Joining the ranks of venerated winemakers such as Charles Krug and Jacob Schram, H.W. Crabb’s prolific output at his 527-acre To-Kalon estate transformed Napa Valley into a premier wine region in California in the late nineteenth century. Under the To-Kalon label, Crabb’s wine won numerous awards at many national and European expositions. He also established an expansive distribution network, which allowed him to ship bulk and case goods to his wine agencies nationwide.
H.W. Crabb was known for his viticultural experimentation and for planting one of the largest varieties of vines, importing approximately 300 to 400 varietals from across the United States and Europe. He also tested various rootstock during the phylloxera crisis that ravaged the valley’s vineyards. His work attracted the attention of the Board of the State Viticultural Commissioners, the University of California, and later the U.S. Department of Agriculture, which each operated an experimental viticultural station within his To-Kalon estate. The University of California, Davis continues Crabb’s legacy of experimentation at its 40-acre Oakville Station vineyard.
To-Kalon Vineyard invoice, 1899.
Source: H.W. Crabb Will and Probate Records.
Crabb was regularly featured in newspapers, magazines, and trade publications both as a prominent winemaker and for his model winery, which grew to encompass a large winery building, distillery, cooperage, and steam powered crushers and water pumps. In addition to his vineyard and winery, Crabb planted an orchard and hay fields and operated a stock farm and horse track. In 1886, the St. Helena Star described To-Kalon estate as presenting “the appearance of a young town, in fact being more of a place than many a California city.” In addition to the St. Helena Star, he routinely appeared in other publications such as the Napa Register, Napa Daily Journal, San Francisco Chronicle, Pacific Rural Press, Pacific Wine and Spirit Review, San Francisco Merchant, and Breeder and Sportsman throughout the late nineteenth century. He was featured in every major publication on Napa County’s history from the 1870s to 1890s.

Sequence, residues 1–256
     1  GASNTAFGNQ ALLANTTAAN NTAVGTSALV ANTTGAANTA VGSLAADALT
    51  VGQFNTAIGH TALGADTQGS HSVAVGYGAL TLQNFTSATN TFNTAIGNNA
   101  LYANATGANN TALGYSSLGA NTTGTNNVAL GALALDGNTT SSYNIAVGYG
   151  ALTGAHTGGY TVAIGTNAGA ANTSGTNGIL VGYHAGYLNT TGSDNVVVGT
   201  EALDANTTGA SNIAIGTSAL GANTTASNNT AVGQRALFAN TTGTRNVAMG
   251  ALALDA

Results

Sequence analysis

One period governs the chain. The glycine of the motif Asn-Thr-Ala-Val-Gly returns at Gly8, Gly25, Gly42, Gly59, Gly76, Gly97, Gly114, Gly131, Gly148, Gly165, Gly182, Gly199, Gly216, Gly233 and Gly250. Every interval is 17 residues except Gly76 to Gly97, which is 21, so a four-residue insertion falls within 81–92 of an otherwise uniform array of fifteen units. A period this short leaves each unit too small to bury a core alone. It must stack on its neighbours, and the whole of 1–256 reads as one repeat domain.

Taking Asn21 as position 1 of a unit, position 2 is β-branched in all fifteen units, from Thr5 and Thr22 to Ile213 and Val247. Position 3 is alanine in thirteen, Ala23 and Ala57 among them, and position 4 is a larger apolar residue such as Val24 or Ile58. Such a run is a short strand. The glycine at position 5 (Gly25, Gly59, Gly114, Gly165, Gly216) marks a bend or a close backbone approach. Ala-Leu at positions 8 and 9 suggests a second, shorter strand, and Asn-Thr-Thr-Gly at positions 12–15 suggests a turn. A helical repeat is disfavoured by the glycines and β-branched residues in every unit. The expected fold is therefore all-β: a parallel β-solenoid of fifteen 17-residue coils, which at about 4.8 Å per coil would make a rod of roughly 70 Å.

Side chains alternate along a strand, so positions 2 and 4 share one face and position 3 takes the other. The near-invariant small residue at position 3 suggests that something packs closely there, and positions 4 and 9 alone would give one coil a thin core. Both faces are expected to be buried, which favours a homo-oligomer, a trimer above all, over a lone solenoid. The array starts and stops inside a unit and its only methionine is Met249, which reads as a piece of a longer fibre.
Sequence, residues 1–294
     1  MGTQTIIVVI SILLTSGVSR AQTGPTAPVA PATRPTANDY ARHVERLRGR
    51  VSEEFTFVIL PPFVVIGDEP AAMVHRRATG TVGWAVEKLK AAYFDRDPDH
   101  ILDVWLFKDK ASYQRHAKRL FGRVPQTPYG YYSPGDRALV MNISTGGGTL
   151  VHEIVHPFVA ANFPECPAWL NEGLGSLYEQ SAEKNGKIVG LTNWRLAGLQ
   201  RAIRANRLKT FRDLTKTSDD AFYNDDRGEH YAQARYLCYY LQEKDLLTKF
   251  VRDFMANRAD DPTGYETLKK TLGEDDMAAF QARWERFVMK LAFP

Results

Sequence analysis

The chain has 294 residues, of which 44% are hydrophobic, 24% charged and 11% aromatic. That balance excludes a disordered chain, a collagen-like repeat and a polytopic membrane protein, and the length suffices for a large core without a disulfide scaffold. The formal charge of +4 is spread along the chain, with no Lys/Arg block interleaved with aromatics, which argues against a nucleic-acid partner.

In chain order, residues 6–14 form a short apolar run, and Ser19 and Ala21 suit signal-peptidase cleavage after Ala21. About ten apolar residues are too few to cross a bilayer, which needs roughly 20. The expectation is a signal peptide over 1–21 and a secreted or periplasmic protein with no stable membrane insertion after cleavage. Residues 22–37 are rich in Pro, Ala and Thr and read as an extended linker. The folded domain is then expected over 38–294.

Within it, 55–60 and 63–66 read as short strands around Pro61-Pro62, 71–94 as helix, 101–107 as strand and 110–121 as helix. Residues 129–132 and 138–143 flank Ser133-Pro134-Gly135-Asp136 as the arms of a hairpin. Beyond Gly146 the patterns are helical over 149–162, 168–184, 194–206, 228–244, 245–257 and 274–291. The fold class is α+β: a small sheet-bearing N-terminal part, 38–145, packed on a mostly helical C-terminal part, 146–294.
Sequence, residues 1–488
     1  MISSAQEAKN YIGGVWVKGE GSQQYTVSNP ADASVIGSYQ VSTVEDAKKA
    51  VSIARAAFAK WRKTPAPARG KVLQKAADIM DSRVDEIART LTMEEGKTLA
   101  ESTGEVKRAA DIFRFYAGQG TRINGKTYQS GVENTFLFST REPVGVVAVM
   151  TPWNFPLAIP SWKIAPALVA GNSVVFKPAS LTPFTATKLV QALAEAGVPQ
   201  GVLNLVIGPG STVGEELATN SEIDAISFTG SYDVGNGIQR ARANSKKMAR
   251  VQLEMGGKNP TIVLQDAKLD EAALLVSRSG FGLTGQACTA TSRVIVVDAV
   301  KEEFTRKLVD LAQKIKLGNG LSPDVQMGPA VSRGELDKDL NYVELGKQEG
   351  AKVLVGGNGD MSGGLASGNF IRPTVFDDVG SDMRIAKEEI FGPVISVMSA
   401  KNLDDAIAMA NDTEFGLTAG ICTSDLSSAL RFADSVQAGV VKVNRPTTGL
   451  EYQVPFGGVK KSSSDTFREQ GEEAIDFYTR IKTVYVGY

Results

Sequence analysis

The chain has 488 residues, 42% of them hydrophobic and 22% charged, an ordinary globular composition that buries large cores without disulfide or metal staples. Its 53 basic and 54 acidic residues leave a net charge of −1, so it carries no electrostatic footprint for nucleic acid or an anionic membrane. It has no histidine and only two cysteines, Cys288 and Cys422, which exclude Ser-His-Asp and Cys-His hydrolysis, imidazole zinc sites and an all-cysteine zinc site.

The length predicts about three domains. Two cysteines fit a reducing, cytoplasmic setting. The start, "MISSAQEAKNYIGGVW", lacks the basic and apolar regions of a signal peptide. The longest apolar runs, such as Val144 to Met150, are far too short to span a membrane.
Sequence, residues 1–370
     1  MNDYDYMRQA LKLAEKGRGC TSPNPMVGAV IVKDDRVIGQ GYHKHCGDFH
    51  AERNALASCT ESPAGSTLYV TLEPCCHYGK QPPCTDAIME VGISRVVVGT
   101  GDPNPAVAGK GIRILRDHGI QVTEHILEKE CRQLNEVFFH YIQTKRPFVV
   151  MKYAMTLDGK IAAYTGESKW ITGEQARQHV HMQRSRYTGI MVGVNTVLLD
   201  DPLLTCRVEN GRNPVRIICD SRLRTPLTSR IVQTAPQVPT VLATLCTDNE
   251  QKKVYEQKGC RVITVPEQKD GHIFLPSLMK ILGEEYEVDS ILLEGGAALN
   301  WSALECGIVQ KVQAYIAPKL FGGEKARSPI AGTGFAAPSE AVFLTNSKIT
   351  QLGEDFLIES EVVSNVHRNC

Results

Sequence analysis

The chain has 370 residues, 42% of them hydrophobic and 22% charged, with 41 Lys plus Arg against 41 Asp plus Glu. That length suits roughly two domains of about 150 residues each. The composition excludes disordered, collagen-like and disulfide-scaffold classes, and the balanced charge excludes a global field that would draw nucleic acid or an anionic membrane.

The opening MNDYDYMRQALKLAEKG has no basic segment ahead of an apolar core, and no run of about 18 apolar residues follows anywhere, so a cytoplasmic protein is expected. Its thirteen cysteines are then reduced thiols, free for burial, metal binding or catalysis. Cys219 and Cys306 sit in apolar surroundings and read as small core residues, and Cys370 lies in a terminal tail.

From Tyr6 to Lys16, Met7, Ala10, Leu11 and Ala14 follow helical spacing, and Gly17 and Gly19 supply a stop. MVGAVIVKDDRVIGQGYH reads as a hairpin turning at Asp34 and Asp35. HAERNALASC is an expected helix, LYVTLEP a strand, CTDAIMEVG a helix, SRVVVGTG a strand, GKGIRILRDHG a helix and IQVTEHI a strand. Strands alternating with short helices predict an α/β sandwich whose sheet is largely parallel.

To-Kalon Stock Farm advertisement, 1891.
Source: Breeder and Sportsman 18, no. 5 (January 31, 1891): 101.
To-Kalon Vineyard vine cuttings advertisement, 1886.
Source: San Francisco Merchant 17, no. 4 (December 10, 1886): 55.
He served on many viticultural committees and boards, including the Board of the State Viticultural Commissioners; presented at viticutural trade meetings; and authored numerous publications, including a chapter in George Husmann’s American Grape Growing and Wine Making. He was regarded as an authority on viticulture, enology, and soil quality and sold his cuttings to winemakers throughout the state.
Following his death in 1899, H.W. Crabb was memorialized as a pioneer resident of Napa Valley and “one of the most successful and experienced viticulturalists” in California. Throughout the twentieth century, Crabb and To Kalon’s significance within the Napa Valley wine industry continued to be recognized in a wide array of publications. To-Kalon remains one of the most famed vineyards in the state’s viticultural history.